Tuna industry wants agreements with tuna-rich countries

GENERAL SANTOS CITY (MindaNews/19 June) — The local tuna industry has urged the national government to work out bilateral fishing access agreements with other tuna-resource rich countries as several local tuna producers have slowed down operations in the last six months due to the ban on fishing in portions of the Pacific Ocean.

Bayani Fredeluces, executive director of the Socsargen Federation of Fishing and Allied Industries, said the two-year ban imposed by the Western and Central Pacific Fisheries Commission (WCPFC) has taken a toll on the operations of tuna fishing companies.

“The government, through the Bureau of Fisheries and Aquatic Resources, should make concrete moves now to help our purse seine operators,” he said.

He said the local fishing federation suggests that national officials hammer out fishing access agreement with countries like Palau and other Pacific island nations to allow the local purse seine operators to fish in their waters.

Local fishing companies are allowed to fish in the waters of Indonesia and Papua New Guinea, provided they have onshore investments there, as in the case of the homegrown conglomerate RD Corp. of tuna tycoon Rodrigo E. Rivera, Sr.

The WCPFC approved the closure order on Dec. 8-12, 2008 in Busan, South Korea in a document titled “Conservation and Management Measure for Bigeye and Yellowfin Tuna in the Western and Central Pacific Ocean.”

The closure for purse seine fishing covers only two pockets of the high seas in the western and eastern parts of the Pacific Ocean. It took effect last January 1.

Pocket one covers Palau, Micronesia, Papua New Guinea and Indonesia, which Fredeluces noted are the areas closest to the Philippines and where local tuna fishers frequently operate.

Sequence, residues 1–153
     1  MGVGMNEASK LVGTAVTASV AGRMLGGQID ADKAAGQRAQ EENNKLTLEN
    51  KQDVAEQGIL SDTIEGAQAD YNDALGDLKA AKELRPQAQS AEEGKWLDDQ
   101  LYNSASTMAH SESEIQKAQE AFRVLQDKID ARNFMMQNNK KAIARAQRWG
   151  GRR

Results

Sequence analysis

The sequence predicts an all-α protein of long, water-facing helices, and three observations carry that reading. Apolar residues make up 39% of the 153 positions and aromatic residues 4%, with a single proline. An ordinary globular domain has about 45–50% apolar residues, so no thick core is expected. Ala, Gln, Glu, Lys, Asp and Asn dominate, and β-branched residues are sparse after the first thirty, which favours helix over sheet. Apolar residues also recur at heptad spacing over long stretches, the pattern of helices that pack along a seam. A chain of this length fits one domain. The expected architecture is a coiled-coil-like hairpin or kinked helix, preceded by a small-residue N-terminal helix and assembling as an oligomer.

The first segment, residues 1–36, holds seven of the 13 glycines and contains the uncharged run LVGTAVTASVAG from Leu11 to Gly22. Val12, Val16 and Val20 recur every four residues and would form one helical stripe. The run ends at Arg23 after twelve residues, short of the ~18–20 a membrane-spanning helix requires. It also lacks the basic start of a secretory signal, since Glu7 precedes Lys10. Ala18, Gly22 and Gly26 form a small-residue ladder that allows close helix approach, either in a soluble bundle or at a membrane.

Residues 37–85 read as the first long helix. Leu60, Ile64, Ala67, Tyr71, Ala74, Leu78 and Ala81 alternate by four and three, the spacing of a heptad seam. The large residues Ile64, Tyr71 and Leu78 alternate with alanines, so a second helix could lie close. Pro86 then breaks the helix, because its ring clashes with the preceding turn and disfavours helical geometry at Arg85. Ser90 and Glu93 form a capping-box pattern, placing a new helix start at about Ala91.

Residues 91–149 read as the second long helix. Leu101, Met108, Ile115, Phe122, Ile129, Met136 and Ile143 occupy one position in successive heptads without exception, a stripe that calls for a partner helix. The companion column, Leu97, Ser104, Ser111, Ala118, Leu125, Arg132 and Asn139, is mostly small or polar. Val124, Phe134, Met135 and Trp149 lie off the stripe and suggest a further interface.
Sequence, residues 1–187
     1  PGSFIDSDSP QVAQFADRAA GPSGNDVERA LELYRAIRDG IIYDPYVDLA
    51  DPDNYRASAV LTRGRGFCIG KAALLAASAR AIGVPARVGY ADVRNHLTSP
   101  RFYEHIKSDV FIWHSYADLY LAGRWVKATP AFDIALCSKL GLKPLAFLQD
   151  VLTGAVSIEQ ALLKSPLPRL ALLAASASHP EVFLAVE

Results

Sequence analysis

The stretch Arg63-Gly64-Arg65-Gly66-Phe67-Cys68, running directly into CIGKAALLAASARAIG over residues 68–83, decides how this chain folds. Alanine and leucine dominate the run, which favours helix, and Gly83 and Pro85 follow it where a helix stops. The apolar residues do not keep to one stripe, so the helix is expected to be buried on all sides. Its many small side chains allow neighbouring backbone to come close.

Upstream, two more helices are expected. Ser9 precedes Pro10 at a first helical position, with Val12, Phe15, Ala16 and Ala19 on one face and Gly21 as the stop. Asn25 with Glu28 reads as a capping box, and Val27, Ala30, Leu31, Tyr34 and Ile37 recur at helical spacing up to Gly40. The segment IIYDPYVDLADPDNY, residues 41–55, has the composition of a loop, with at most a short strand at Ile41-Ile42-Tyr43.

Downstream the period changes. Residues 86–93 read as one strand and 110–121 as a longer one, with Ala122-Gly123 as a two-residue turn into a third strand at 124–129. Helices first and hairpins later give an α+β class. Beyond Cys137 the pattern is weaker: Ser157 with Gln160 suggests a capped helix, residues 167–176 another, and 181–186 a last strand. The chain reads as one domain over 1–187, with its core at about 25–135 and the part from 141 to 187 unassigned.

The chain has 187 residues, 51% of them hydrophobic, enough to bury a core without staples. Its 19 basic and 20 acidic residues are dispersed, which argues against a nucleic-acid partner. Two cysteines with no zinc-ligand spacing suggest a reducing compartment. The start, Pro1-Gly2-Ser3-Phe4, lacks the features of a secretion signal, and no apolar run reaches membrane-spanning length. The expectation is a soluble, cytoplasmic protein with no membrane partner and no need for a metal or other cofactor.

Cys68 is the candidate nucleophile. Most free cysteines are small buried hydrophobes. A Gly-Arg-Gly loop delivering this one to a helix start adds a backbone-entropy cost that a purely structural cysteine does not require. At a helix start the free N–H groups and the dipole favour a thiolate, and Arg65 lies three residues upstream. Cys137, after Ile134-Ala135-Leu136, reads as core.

Pocket two is bounded by the countries of Solomon Islands, Fiji, Tuvalu, Nauru, Marshall Islands, Micronesia, Papua New Guinea and parts of Kiribati.

Not covered by the ban are the high seas surrounding Cook Islands, French Polynesia, and parts of Kiribati.

Earlier, Fredeluces said an initial study by the local fishing federation projected tuna catch from purse seine fishing to drop 10 percent-20 percent as a result of the closure.

Despite the slowing down of local purse seine operators due to the ban, Fredeluces said the operations of tuna canneries in the city remain normal since the slack is balanced by foreign-caught stocks.

A study by the University of the Philippines-Visayas’ College of Fisheries and Ocean Science said there’s a need for the local tuna fishing industry to look for alternative areas to the idling of purse seiners.

One area will be the Philippine exclusive economic zone (EEZ) although this site may not be as lucrative as in the closed fishing areas in the Pacific Ocean, it said.

The study stressed that through bilateral agreements with various Pacific island-countries, this will allow Philippine purse seiners to fish within the EEZ of these nations.

The regional Department of Labor and Employment earlier said that at least eight fishing companies with an estimate work force of 1,600 will be directly affected by the WCPFC ban. (MindaNews)